Keep your Cool with Yoga This Summer!

 

The steamy weather of summer can make many of us feel trapped and irritable, with decreased energy and motivation. Yoga and Ayurveda (the several thousand year-old healing sister science of yoga) teach us to work with the seasons instead of against them. These time-tested teachings offer guidelines on keeping cool and finding balance when the temperature rises. To cool down this summer, give the following a try!

Sitali Breathing: (If you can curl your tongue-this is a genetic trait, not a skill.  If not, read further!)

  • Sit in a comfortable position with your eyes softly closed. Begin to notice your breath and slow it down
  • Make an O shape with your mouth, and curl the tongue lengthwise.
  • Then, as B.K.S. Iyengar instructs in Light on Pranayama (Crossroad, 1998), “draw in air…as if drinking with a straw and fill the lungs completely.”
  • Then close the mouth and exhale through the nose.
  • Repeat this cycle for 2-3 minutes initially.

 

Sitkari Breathing: (If you can’t curl your tongue, or if you just prefer this method)

  • Sit comfortably with your eyes closed.
  • Gently press your lower and upper teeth together and separate your lips as much as you comfortably can, so your teeth are exposed to the air.
  • Inhale slowly through the gaps in the teeth and focus on the hissing sound of the breath.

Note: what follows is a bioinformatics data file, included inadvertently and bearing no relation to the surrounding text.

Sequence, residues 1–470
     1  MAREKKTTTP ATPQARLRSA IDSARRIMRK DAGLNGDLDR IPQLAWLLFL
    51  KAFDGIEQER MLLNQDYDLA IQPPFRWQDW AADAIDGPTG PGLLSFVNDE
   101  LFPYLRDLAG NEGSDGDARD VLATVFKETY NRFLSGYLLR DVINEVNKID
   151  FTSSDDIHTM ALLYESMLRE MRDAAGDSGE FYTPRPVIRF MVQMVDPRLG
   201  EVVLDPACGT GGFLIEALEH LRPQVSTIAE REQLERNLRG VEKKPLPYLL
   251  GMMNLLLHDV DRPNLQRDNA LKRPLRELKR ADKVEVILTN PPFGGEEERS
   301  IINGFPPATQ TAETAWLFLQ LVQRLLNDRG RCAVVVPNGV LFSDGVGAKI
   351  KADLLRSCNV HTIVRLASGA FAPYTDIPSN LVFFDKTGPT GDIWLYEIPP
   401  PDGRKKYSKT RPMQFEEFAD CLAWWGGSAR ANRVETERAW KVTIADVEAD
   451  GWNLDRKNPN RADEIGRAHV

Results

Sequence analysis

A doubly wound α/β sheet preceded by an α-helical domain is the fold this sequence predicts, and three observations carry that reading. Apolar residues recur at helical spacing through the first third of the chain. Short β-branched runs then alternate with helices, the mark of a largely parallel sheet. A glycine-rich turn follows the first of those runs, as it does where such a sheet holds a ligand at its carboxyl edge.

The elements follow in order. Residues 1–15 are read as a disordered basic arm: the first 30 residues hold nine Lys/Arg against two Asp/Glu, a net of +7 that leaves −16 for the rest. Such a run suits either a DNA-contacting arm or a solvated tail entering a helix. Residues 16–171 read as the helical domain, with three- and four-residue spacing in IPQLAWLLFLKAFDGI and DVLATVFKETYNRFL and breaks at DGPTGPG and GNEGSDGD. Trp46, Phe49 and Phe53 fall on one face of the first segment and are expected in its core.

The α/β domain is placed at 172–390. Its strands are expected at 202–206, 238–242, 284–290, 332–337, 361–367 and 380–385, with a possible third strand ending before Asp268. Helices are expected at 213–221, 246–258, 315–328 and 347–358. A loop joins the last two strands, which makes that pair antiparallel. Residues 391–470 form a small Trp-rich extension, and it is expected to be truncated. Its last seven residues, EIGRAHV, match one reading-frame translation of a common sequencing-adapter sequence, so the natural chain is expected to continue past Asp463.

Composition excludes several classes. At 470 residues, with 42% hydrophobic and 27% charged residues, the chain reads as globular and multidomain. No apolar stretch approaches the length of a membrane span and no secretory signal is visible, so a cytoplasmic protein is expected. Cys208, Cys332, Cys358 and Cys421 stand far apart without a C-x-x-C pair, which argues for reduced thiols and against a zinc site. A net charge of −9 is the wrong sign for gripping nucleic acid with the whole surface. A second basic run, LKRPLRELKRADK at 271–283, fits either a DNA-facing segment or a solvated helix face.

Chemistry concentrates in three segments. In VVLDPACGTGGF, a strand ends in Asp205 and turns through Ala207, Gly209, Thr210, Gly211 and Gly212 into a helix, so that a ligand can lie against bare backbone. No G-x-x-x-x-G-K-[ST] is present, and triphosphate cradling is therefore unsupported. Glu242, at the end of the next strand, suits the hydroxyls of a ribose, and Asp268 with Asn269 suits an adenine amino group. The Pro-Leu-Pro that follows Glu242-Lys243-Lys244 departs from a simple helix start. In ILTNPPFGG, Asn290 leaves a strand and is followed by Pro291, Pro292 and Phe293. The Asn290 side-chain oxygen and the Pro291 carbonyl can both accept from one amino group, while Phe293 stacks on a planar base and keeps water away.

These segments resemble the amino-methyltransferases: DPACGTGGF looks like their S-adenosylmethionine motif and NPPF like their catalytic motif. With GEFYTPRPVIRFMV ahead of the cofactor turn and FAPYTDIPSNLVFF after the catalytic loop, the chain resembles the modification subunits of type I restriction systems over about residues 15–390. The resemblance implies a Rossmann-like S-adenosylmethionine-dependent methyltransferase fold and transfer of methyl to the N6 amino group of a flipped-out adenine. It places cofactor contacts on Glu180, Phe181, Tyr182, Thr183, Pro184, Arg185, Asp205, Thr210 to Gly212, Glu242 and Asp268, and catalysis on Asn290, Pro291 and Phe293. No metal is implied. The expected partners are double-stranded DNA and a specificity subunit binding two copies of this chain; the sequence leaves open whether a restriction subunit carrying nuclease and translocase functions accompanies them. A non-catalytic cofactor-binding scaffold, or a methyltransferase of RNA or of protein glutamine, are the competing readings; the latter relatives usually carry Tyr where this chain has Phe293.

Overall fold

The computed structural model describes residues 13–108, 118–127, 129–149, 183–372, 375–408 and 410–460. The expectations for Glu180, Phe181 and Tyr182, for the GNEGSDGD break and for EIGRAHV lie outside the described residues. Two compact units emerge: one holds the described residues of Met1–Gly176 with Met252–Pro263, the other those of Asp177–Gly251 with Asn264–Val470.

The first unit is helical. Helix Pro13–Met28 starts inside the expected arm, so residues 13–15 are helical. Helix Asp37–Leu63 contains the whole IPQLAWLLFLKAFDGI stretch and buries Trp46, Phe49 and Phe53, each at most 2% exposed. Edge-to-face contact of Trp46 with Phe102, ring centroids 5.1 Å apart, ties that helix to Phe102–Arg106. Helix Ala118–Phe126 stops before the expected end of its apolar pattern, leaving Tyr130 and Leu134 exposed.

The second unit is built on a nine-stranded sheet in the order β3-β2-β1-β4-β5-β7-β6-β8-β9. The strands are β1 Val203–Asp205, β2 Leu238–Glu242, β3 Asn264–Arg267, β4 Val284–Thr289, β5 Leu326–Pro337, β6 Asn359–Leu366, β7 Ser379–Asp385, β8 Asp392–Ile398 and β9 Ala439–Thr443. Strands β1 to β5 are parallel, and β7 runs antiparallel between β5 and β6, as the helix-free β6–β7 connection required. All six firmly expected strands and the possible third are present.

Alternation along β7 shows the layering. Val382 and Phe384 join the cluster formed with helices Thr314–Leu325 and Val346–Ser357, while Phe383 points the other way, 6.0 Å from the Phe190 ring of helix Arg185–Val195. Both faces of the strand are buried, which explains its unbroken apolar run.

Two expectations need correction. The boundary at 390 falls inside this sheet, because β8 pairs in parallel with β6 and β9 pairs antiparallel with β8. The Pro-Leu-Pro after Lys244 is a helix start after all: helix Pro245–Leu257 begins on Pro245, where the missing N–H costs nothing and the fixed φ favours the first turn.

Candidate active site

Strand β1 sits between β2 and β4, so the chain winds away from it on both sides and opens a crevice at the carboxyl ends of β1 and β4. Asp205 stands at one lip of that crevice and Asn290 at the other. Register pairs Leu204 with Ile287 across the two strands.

• Close the mouth and slowly exhale through the nose.
  • Practice gently and without intensity early or late in the day, when the air is cool.

 

Yoga practice: Specific poses such as forward bends and gentle twists are cooling. Also how you practice can be cooling as well. Practicing at a slower pace, moving gently, and incorporating restorative poses are energetically and physically cooling for the body.

 

A wonderful restorative pose that decreases swelling in the legs and decreases internal heat is Viparita Karani (legs up the wall pose). Sit close to a wall (I like to use a closet door for this.), sideways. As you move to lie down, swing your legs up and rest them on the wall. Hips can be flat on the floor or supported by a folded blanket.

You may be close to the wall, with seat touching the wall, or away from the wall depending upon your hamstring length. (Another option: bend knees and place lower legs on a chair seat if you have very tight hamstrings or significant back tightness and pain.)

You may stay there, allowing your breath to flow slowly for 5-15 minutes. (Start with 5 minutes and progress gradually over time.)

To move out of the pose, bend your knees, roll onto your side, and slowly scoot away from the wall before carefully sitting up while consciously breathing. Changing positions slowly while breathing helps prevent light-headedness.

Namaste,

Shelley

If you’d like guidance in creating an individualized therapeutic home yoga practice designed just for you, please call The Ommani Center to schedule a private yoga session. If interested in a group class, I invite you to drop-in on Tuesdays at 9am or Wednesdays at 6pm.

June 2018 Shelley Carpenter, Physical Therapist, Registered Yoga Teacher, Reiki Master Teacher is a practitioner at Ommani who offers group (Tuesday and Wednesdays) and individual therapeutic yoga sessions, physical therapy, and Reiki care.  Call our office at 262.695.5311 to schedule an appointment.